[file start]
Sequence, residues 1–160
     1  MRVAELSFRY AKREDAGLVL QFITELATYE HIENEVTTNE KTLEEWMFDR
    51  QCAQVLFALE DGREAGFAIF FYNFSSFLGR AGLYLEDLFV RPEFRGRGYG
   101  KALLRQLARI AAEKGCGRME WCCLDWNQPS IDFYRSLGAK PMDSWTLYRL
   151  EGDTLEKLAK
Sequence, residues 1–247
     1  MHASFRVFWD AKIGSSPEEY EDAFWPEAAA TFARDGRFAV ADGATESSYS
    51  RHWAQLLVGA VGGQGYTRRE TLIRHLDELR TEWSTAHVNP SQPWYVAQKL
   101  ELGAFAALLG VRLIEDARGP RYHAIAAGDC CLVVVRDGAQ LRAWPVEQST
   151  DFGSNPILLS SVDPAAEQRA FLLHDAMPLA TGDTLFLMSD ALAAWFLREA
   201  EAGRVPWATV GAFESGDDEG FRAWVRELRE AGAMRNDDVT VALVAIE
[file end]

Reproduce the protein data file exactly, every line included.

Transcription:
Sequence, residues 1–160
     1  MRVAELSFRY AKREDAGLVL QFITELATYE HIENEVTTNE KTLEEWMFDR
    51  QCAQVLFALE DGREAGFAIF FYNFSSFLGR AGLYLEDLFV RPEFRGRGYG
   101  KALLRQLARI AAEKGCGRME WCCLDWNQPS IDFYRSLGAK PMDSWTLYRL
   151  EGDTLEKLAK
Sequence, residues 1–247
     1  MHASFRVFWD AKIGSSPEEY EDAFWPEAAA TFARDGRFAV ADGATESSYS
    51  RHWAQLLVGA VGGQGYTRRE TLIRHLDELR TEWSTAHVNP SQPWYVAQKL
   101  ELGAFAALLG VRLIEDARGP RYHAIAAGDC CLVVVRDGAQ LRAWPVEQST
   151  DFGSNPILLS SVDPAAEQRA FLLHDAMPLA TGDTLFLMSD ALAAWFLREA
   201  EAGRVPWATV GAFESGDDEG FRAWVRELRE AGAMRNDDVT VALVAIE